Certain individuals (possibly including Diess and Stadler) may not be proposed for discharge, or their discharge may be postponed pending the findings of the various investigations.
Given the level of shareholdings held by Porsche, Saxony and Qatar — 50.73%, 20% and 17%, respectively — their response will be crucial in the outcome.

Request for Special Audit
German shareholders may put forward a resolution at the AGM to request a special audit. This has previously happened at other companies where there have been allegations of wrongdoing, including at Deutsche Bank.

Ownership Structure of Volkswagen
The ownership and voting rights structure will have a significant bearing on the future developments at Volkswagen. The company has a dual class share structure (295,089,818 ordinary shares and 180,641,478 preferred shares), with voting rights granted only to the “ordinary” shares.  In addition to ordinary shares, there are “preferred” shares that entitle the bearer to a €0.06 higher dividend than ordinary shares, but do not carry voting rights. This will likely limit institutional investors’ ability to effect change through voting.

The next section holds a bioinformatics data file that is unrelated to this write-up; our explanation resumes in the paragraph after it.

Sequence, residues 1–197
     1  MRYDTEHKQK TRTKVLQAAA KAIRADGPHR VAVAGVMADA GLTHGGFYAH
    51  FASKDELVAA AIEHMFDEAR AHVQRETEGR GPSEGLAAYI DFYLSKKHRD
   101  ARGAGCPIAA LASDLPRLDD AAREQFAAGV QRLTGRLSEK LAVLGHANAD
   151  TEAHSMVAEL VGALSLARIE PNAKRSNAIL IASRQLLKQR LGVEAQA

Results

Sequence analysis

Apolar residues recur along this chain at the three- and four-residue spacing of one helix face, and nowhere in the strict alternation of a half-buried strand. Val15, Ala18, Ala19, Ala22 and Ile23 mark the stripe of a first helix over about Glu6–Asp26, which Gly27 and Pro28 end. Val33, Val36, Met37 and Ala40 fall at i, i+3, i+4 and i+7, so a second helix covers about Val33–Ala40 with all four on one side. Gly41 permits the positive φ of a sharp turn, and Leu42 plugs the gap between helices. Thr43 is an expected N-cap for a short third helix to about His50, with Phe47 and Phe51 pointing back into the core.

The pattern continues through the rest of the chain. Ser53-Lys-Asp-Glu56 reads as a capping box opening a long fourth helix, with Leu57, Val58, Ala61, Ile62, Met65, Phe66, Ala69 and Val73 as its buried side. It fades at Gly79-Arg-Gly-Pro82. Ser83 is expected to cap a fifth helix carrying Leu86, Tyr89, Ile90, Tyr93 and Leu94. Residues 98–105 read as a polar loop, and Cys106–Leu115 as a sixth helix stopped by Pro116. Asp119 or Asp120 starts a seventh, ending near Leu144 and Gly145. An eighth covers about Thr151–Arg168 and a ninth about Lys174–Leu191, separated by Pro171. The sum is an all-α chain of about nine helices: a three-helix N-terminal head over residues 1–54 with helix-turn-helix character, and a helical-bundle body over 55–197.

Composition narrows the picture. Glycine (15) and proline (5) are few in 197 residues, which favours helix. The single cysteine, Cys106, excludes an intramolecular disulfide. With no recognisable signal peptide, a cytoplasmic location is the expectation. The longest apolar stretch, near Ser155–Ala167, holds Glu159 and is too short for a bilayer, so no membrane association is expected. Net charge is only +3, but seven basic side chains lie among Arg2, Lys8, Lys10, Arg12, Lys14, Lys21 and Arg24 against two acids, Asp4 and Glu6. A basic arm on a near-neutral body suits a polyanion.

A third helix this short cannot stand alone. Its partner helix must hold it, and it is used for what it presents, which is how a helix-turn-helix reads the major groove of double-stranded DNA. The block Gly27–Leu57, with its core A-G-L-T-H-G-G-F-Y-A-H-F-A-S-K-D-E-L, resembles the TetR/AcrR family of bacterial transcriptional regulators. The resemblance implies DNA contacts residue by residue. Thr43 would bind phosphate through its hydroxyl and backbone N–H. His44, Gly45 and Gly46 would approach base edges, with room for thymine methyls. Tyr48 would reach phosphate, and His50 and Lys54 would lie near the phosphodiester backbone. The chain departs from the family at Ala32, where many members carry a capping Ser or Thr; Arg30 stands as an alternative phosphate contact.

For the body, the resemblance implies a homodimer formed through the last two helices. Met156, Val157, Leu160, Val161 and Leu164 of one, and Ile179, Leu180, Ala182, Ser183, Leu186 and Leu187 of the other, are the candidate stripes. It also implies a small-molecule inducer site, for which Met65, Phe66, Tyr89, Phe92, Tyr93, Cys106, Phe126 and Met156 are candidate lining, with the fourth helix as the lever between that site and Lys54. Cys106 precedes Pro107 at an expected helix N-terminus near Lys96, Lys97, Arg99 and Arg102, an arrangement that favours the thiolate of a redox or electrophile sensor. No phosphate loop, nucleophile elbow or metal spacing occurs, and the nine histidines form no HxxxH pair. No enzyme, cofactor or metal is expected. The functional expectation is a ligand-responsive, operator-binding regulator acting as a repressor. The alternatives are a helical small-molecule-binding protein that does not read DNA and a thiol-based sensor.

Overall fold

Product Stewardship and Reputation
These developments may also pose the following risks:
 The controversy will likely affect future sales of diesel power vehicles in the U.S. and potentially other regions. In the U.S., market penetration of diesels is low and this case will presumably be a setback for diesel advancement for Volkswagen. After EPA’s announcement, Volkswagen halted sales of affected models.